9. Toni Storm is “Timeless”

Toni Storm debuted in AEW last April. Since then, she’s had one or my favorite women’s matches of the last decade with Jamie Hayter at Full Gear last year, joined up with Ruby Soho and Saraya as the Outcasts, and along the way held the AEW Women’s World Title twice. Still, it felt like Toni was just another pretty face at times. That was until she lost her mind.

After losing the AEW Women’s Title to Shida at Dynamite 200, Toni began growing more delusional by the week, eventually coming to believe she was a silent movie queen. Her whackadoodle “Timeless” has been endlessly entertaining every week. Fans love her. She won the Women’s Title for the third time at Full Gear and looks to walk into 2024 still Women’s Champion and unarguably the most over woman on the roster.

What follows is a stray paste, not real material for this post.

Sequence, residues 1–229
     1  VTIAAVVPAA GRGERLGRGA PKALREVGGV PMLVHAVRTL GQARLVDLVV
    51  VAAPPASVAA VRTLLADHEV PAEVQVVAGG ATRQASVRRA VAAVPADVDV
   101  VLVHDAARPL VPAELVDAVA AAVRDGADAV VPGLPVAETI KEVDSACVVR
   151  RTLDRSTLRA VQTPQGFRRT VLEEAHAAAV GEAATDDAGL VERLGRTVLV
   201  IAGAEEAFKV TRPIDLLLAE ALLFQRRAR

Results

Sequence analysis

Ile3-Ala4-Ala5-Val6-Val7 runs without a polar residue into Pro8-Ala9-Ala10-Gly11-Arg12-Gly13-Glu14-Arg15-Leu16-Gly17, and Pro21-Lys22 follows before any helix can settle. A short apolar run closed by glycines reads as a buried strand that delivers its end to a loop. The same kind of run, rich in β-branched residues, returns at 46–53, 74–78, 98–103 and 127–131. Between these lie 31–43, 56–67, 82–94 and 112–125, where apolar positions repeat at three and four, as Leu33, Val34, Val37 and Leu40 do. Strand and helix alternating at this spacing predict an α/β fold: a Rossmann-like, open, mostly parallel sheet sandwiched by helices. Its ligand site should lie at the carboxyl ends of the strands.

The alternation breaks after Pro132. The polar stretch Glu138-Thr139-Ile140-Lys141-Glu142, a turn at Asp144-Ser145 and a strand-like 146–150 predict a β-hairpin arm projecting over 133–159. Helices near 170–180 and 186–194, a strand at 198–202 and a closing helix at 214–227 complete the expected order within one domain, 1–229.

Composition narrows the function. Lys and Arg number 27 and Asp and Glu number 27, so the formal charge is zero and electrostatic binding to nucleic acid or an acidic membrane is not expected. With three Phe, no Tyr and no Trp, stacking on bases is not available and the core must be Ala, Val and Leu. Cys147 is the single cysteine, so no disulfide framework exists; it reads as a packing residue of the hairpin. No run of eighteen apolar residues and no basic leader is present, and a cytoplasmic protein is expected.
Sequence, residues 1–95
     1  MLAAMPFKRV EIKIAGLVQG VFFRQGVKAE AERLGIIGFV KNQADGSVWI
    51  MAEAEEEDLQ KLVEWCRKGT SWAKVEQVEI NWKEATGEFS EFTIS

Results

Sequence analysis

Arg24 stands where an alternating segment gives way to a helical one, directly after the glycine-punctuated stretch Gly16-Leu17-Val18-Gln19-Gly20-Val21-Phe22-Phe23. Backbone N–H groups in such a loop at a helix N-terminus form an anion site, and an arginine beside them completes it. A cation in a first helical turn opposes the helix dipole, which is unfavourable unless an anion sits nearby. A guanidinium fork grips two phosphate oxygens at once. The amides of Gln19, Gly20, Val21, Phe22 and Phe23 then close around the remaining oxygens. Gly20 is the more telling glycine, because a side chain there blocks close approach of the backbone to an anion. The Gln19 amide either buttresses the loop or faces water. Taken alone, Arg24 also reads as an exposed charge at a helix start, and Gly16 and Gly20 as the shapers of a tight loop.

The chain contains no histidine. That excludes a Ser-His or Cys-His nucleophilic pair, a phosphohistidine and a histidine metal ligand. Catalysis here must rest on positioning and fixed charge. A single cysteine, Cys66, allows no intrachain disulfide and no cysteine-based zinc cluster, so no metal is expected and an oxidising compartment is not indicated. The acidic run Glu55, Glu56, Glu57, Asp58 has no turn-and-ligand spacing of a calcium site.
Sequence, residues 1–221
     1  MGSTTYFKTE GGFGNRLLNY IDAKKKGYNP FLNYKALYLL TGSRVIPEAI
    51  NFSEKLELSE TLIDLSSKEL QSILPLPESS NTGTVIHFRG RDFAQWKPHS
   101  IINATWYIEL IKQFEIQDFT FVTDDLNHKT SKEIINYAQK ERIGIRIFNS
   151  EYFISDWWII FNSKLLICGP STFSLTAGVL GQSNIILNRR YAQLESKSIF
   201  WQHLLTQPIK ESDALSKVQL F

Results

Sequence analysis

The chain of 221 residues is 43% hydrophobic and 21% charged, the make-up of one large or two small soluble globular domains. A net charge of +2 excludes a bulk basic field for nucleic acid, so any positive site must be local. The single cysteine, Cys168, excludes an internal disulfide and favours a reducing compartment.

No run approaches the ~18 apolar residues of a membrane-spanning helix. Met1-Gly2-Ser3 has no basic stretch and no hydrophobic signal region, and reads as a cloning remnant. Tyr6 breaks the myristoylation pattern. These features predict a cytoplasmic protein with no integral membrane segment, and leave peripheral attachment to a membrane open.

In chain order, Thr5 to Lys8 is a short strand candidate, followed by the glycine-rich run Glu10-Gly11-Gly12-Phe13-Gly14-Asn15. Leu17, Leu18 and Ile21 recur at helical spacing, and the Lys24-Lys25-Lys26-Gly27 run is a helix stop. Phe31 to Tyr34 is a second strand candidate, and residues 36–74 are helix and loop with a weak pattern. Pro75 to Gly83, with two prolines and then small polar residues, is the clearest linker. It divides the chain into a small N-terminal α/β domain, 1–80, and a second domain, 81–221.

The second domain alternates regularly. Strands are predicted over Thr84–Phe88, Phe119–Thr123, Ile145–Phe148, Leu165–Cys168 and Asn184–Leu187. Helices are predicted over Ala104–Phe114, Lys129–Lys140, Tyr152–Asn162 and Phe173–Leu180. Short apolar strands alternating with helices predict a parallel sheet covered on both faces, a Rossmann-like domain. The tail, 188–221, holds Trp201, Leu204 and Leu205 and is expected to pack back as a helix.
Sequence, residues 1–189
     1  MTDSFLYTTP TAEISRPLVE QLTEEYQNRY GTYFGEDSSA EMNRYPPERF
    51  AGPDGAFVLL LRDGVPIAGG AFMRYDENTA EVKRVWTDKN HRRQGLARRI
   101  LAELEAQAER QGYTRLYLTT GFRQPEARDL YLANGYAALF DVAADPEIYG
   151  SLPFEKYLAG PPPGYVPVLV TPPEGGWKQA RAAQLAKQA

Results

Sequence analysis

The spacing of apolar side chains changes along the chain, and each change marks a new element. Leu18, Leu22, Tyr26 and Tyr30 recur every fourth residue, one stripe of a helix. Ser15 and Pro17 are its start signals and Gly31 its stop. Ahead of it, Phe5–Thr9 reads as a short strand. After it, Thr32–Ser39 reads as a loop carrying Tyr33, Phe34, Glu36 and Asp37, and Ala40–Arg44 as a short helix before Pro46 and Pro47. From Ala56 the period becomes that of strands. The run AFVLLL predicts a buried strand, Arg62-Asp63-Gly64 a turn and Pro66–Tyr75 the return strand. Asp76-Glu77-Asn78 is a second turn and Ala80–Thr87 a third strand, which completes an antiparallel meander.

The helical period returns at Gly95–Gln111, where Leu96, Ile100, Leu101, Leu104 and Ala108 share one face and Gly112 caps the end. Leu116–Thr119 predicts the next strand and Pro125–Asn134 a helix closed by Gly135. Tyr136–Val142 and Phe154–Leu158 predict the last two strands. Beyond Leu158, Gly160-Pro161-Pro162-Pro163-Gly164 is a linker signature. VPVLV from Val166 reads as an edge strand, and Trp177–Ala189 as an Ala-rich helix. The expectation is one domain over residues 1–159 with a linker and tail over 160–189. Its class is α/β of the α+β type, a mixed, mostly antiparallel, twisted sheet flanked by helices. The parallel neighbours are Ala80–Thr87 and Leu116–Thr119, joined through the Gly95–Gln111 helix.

8. Swerve Strickland

Swerve entered 2023 as just another guy leading a faction in AEW. He will exit the year as perhaps the number two star behind MJF, but he’s taking time off. His glow up really started during his feud with Darby Allin in which he demonstrated how far he was willing to go by breaking into Nick Wayne’s house and leaving him to bleed out.

His feud with “Hangman” Adam Page took his to the stratosphere, though. The promos were fantastic. The two had a stellar match at WrestleDream in October that Swerve won with minimal help. They had a rematch at Full Gear, engaging in one of, if not the most violent match in recent memory (and that I’ve ever seen). His performance in the Continental Classic was great. He went 4-1 overall.